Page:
This was the original photo, which I liked OK, but was disappointed in as the lighting just isn't right.

I fumbled around with the effects in Picassa and came up with these, I'm not sure which I like better.

It is hard to believe that Emma is just now turning three, she often seems ageless to me.  A visual contradiction with her greying coat and her young eyes.  It goes beyond that though to who she is.  Perhaps it is a donkey thing, perhaps because she is already a mother, probably a bit of both, but she is both old as the hills and young as a butterfly.  I love her dearly.

Happy Birthday my sweet Emma-Girl.

Thursday, July 25, 2013

The Briar Patch

The berries have been really late this year from all the excess rain.  The bushes are loaded, but many of the green berries just fall off before they ever ripen.  I wasn't sure we would find any at all, but this afternoon we finally found a raspberry bush that looked promising.  My helper went in to check it out and report back.

He is an expert on such matters and a true connoisseur.  He looked high...

and low....

found the best path into the tangled briars...

sampled the wares and gave them the tongue-up sign.  Time to start picking.

Cruel, Cruel World

"What in the world has happened to the horse?!?  Ma better not think about doing that to ME!"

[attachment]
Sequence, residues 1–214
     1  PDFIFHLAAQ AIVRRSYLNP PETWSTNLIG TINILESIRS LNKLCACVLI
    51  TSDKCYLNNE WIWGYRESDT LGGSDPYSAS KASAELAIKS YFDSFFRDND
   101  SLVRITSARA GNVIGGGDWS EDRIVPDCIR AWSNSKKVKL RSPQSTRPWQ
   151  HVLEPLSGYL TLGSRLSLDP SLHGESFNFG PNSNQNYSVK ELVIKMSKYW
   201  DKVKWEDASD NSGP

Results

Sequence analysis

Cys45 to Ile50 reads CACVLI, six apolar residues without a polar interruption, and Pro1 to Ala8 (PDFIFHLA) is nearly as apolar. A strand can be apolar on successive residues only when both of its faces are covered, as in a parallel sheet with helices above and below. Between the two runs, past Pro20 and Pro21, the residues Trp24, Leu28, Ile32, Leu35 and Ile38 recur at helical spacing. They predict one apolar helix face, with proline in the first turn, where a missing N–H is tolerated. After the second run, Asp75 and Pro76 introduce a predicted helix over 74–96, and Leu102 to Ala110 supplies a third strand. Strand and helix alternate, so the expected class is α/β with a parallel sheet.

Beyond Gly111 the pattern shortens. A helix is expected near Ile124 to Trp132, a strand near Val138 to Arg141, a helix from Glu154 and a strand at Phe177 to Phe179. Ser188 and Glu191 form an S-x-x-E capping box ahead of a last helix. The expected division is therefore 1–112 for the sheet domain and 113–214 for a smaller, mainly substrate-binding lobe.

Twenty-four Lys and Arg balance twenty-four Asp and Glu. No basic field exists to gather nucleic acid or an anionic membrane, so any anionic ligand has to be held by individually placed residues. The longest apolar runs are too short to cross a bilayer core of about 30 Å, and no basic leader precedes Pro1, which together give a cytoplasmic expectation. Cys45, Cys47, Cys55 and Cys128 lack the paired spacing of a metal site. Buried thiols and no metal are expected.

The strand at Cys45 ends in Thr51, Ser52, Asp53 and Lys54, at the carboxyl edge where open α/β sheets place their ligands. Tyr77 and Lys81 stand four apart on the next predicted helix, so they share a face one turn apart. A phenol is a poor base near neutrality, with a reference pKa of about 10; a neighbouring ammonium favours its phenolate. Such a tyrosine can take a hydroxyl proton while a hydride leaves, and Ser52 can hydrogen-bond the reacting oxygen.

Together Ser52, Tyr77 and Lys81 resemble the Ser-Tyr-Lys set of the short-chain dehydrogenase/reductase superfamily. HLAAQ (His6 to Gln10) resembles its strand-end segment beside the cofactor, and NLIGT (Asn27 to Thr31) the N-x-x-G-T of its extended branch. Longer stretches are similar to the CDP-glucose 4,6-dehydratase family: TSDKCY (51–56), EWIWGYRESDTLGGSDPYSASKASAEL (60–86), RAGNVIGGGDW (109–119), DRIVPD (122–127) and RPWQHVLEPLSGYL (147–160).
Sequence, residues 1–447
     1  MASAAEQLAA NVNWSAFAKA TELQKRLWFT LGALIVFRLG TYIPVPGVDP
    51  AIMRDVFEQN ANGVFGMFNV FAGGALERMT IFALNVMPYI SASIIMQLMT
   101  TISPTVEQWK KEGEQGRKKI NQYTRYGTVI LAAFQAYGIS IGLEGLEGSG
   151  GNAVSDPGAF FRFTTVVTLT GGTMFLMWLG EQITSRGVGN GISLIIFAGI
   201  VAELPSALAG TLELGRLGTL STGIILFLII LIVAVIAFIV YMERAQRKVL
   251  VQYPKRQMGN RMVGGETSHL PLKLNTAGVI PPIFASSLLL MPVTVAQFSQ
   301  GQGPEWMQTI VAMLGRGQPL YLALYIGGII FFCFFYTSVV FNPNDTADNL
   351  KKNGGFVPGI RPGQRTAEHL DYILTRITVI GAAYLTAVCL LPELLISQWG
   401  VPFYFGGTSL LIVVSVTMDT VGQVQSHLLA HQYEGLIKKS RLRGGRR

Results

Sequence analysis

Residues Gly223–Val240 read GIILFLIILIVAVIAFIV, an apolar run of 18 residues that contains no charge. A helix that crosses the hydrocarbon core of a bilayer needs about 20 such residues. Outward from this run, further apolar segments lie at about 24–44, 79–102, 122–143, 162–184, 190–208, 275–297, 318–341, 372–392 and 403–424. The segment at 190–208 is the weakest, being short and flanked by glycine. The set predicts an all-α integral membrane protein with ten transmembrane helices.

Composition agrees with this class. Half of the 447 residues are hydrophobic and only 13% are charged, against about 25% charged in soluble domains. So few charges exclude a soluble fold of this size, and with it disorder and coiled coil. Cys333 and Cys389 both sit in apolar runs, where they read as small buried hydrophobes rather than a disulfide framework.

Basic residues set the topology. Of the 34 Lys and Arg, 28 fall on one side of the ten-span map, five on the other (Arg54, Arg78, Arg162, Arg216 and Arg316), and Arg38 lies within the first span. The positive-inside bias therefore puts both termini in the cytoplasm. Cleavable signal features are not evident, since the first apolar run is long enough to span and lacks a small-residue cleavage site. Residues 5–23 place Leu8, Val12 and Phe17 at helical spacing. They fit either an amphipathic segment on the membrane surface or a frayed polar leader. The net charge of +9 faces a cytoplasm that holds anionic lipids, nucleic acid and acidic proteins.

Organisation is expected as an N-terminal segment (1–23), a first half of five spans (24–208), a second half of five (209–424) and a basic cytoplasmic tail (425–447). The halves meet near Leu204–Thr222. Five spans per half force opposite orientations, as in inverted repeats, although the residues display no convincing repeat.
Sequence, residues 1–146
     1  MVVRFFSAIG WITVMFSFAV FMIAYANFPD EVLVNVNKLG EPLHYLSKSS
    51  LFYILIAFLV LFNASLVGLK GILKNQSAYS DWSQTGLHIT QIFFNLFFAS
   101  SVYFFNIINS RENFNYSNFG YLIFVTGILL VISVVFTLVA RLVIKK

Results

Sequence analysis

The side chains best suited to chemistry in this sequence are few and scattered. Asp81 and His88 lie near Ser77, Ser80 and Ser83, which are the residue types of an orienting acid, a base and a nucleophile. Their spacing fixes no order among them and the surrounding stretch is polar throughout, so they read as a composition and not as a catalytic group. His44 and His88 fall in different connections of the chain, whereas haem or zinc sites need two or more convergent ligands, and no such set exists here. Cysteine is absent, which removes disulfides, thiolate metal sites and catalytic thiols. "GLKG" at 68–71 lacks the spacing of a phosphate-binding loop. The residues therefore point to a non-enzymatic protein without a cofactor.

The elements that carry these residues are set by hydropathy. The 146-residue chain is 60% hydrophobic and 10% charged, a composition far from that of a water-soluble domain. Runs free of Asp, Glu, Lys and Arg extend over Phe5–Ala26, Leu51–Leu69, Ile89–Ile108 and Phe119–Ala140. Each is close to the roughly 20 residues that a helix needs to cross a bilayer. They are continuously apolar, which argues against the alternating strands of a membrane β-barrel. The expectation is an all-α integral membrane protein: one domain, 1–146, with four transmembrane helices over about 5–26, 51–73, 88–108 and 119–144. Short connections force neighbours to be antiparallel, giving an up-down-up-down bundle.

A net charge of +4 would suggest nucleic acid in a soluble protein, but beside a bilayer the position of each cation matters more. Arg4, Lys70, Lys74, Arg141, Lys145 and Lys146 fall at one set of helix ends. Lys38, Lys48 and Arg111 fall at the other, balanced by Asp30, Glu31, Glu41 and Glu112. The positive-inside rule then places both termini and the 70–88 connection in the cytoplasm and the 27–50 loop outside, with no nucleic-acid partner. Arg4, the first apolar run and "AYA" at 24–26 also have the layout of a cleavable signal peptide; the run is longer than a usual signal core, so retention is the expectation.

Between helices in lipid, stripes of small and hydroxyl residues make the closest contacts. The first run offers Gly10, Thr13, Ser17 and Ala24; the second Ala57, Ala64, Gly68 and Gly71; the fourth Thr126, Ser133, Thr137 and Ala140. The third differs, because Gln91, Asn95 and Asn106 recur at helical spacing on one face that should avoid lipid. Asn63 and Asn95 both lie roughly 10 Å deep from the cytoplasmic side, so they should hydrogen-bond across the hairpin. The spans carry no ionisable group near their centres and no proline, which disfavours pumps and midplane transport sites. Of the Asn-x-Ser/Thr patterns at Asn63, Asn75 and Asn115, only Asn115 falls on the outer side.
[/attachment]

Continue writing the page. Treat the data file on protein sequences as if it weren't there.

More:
"Watch out kid, I don't think it's safe to get near her."

"I wonder if the End Days are really here this time?  I've never seen such an evil, terrible thing."

"Maybe it's the ZombiApocalypse we keep hearing about.  Don't let her get too close, what if it's contagious?"

"Run for your life Ramsey, it's the Pod-Pony!!!!!  Don't let her get near you with that thing!  Run, run, RUN!"

Tessa: "Hey wait for me guys, what are we running away from anyway?"

"We're running from YOU!  I don't know what that thing is, but it can't be good."

"Life was so good an hour ago.  Now, not only am I being starved to death, smothered and tortured,  my donkeys won't talk to me.  I'm being shunned.  How did this happen???  It's such a terrible, cruel world."

The grazing muzzle wasn't exactly a big hit (they never are).  I knew Tessa wouldn't be thrilled and she wasn't, but she is a smart girl and already getting it figured out.  I was a bit surprised by Emma's reaction.  She thought Tessa had been transformed into a donkey-eating monster.  Ramsey couldn't quite figure out what the big deal was and that is the difference between buying a neglected donkey who has not been handled and raising one from birth.  Emma takes some convincing.  Ramsey accepts.

Tessa wore the muzzle for about an hour today until everybody finally started getting used to the idea.  We'll do a bit more tomorrow and the next day, and....Hopefully, the world will get better again.